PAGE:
FAQ

Do you offer legal advice, assistance, or referrals?

No; we're sorry, but we cannot give you advice or help you find a lawyer. It's just not what we do. If you want to find a lawyer who was involved in a case that's posted on our site, check the docket for names and contact information. 

Is there any charge to use the Clearinghouse?

No. Note, though, that where we do not have a document, we may post a link where you can get it, sometimes for free but other times by paying the government for it.  (You won't be charged for anything by us, and there's always a warning/payment entry screen at the relevant sites.)

Who are you folks, anyway?

We are a team of attorneys (including one law professor), law students, and undergraduates, and one stalwart web developer, dedicated to broadening access to knowledge about civil rights litigation. See here for the many people involved in the Clearinghouse. See here for the institutions that have supported our work.

Can I post or suggest cases or documents for the Clearinghouse?

We're always interested in expanding the collection. You cannot post cases directly, but you can propose (and upload) a new document for an existing case, a new case within an existing category, or an entire new case category. Just use this page.

I'm a researcher with a data/document collection project of my own: can I use the Clearinghouse?

Of course you can use anything posted. We ask that you cite/credit the Clearinghouse for sources and data.  If you are looking for some additional collaboration, we would like very much to discuss any proposal. Send us an email and we'd be happy to talk about it.

How do you pick the cases to include?

The Clearinghouse posts information about U.S. civil rights cases involving groups of people—whether the cases are formally class actions or not. While we do post class actions that seek/obtain damages, we focus more on cases that seek or obtain injunctive relief or its equivalent. That is, we prioritize inclusion of cases that seek to change the way defendants carry out their activities going forward, rather than cases that seek damages for past civil rights violations. Details on what is included vary by case category; details are here.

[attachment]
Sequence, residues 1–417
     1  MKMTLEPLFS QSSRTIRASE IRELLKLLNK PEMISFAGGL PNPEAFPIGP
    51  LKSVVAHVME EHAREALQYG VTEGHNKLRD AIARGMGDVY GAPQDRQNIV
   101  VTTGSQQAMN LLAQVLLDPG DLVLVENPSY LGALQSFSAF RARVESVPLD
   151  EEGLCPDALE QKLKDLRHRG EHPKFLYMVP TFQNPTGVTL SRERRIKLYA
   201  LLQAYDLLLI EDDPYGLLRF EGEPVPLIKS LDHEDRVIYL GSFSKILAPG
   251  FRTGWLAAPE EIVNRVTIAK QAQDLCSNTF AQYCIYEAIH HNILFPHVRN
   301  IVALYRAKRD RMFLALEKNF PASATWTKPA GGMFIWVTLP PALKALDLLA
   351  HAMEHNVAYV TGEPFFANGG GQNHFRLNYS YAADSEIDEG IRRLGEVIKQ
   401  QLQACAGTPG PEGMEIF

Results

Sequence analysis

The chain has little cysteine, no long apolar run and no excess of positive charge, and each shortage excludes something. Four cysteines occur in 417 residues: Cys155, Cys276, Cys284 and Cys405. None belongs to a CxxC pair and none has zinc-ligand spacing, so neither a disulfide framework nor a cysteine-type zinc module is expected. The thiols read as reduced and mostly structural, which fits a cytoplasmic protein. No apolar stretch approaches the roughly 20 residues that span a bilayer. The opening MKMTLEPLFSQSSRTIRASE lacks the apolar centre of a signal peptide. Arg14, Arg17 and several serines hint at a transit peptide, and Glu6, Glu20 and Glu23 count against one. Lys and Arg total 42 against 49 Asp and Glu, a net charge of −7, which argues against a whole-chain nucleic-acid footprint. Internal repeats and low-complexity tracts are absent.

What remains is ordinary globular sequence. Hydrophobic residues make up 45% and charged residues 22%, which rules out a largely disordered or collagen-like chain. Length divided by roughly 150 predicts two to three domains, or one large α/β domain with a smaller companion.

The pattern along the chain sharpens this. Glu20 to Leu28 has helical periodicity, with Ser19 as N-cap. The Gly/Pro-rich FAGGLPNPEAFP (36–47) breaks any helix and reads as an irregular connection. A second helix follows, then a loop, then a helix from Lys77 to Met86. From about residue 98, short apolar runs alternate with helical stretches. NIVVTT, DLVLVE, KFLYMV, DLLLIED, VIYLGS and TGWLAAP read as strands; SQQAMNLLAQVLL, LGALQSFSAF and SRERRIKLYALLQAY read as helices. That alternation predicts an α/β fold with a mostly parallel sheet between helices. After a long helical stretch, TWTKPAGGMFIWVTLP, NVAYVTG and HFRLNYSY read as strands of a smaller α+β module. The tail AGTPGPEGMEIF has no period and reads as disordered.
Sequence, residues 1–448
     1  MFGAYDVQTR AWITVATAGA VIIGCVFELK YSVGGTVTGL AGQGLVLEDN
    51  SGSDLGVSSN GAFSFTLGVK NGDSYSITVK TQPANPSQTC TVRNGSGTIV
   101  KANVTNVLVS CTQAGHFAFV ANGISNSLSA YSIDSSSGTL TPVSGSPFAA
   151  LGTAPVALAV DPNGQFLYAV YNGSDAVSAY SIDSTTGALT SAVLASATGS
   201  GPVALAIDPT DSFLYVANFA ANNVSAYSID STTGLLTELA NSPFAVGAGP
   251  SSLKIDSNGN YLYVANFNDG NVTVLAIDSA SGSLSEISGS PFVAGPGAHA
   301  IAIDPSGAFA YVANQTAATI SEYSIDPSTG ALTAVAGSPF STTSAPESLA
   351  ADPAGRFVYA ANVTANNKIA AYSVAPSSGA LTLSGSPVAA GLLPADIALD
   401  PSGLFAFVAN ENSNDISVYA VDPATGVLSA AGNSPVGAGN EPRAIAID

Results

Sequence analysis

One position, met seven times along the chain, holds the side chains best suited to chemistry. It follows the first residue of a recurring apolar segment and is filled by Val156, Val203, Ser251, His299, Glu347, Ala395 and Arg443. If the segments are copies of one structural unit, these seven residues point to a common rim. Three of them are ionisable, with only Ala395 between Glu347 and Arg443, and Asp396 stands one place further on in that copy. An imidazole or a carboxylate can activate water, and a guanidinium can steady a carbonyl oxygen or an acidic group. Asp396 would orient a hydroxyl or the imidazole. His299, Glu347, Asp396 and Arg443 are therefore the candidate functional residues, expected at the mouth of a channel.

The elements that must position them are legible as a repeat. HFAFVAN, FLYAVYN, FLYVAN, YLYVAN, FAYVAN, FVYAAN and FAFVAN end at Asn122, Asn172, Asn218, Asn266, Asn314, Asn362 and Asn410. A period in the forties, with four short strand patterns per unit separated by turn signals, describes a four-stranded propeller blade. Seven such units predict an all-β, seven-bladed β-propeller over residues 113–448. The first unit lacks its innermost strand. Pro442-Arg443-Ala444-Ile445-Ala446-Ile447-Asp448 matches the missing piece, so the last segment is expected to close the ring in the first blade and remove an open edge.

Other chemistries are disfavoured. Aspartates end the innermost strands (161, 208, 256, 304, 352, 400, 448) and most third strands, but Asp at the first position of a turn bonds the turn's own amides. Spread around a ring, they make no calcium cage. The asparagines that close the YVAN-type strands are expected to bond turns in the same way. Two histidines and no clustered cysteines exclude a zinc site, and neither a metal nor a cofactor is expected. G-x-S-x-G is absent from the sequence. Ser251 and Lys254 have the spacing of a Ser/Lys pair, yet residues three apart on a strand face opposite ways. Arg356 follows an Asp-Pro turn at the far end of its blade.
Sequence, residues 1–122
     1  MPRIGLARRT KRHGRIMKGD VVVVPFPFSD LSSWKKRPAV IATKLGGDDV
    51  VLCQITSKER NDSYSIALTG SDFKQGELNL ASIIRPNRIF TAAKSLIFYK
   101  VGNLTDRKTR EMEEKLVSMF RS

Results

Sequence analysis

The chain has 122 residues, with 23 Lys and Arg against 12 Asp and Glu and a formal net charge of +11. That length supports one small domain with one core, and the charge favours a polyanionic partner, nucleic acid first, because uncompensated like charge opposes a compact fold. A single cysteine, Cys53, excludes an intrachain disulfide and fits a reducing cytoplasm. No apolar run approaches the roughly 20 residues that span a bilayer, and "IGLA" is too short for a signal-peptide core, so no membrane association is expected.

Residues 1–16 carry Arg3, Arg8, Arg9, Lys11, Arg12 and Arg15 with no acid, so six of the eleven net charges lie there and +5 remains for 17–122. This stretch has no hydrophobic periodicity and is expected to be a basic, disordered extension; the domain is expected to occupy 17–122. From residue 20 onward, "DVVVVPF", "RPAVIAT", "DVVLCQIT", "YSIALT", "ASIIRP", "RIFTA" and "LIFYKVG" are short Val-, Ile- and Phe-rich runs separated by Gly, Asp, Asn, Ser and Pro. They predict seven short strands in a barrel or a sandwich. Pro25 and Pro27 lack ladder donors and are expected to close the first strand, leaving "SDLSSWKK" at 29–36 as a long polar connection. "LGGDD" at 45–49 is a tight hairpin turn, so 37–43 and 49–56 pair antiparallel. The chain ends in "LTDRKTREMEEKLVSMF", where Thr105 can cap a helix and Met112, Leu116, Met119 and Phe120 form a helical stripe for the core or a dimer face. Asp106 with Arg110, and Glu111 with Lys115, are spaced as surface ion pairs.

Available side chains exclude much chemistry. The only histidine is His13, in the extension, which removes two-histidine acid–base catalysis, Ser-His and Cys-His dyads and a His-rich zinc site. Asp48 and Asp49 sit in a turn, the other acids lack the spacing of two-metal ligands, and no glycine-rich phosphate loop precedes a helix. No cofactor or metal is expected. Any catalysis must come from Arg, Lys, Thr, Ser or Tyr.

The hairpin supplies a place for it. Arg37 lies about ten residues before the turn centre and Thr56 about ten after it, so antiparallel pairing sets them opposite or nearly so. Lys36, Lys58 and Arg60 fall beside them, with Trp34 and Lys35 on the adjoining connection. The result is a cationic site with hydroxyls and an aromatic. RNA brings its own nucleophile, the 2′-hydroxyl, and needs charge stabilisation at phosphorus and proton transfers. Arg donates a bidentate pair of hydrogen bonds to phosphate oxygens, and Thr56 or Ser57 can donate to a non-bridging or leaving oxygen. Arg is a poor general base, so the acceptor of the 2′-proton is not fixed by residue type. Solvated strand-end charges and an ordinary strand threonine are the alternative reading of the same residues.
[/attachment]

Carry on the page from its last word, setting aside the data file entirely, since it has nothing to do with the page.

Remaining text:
How did the Clearinghouse get started?

Margo Schlanger, the Clearinghouse's founder and director, has been writing about civil rights injunctions, particularly in jail and prison cases, since she became a law professor. (See this publication list.) As she acquired a large collection of materials for her own research, mostly from lawyers handling cases, she began to get inquiries from others who wanted to see various documents. So she decided to index and digitize what she had, to make it easier to use herself, and easier to share. The Clearinghouse began from this seed.

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In the "Schoolhouse" section of the Clearinghouse—https://schoolhouse.clearinghouse.net/—we post curricular materials for lessons that localize constitutional law and practice, communicating to students that they and people like them are key participants in developing and contesting civil rights norms relating to equality, fairness, and liberty. The materials are geared towards high-school classes, including AP classes.

Suggestion Relating To An Existing Case

To report an error, request an update, or make another suggestion about a case already in the Clearinghouse, go to that case's page.

Search for case

Suggest A New Case

If possible, fill in as much as you know about the docket number in this format.

E.g.: 1:12-cv-0123

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I don't have all that information, but here's the docket number:

Suggestion Or Feedback That's Not About A Case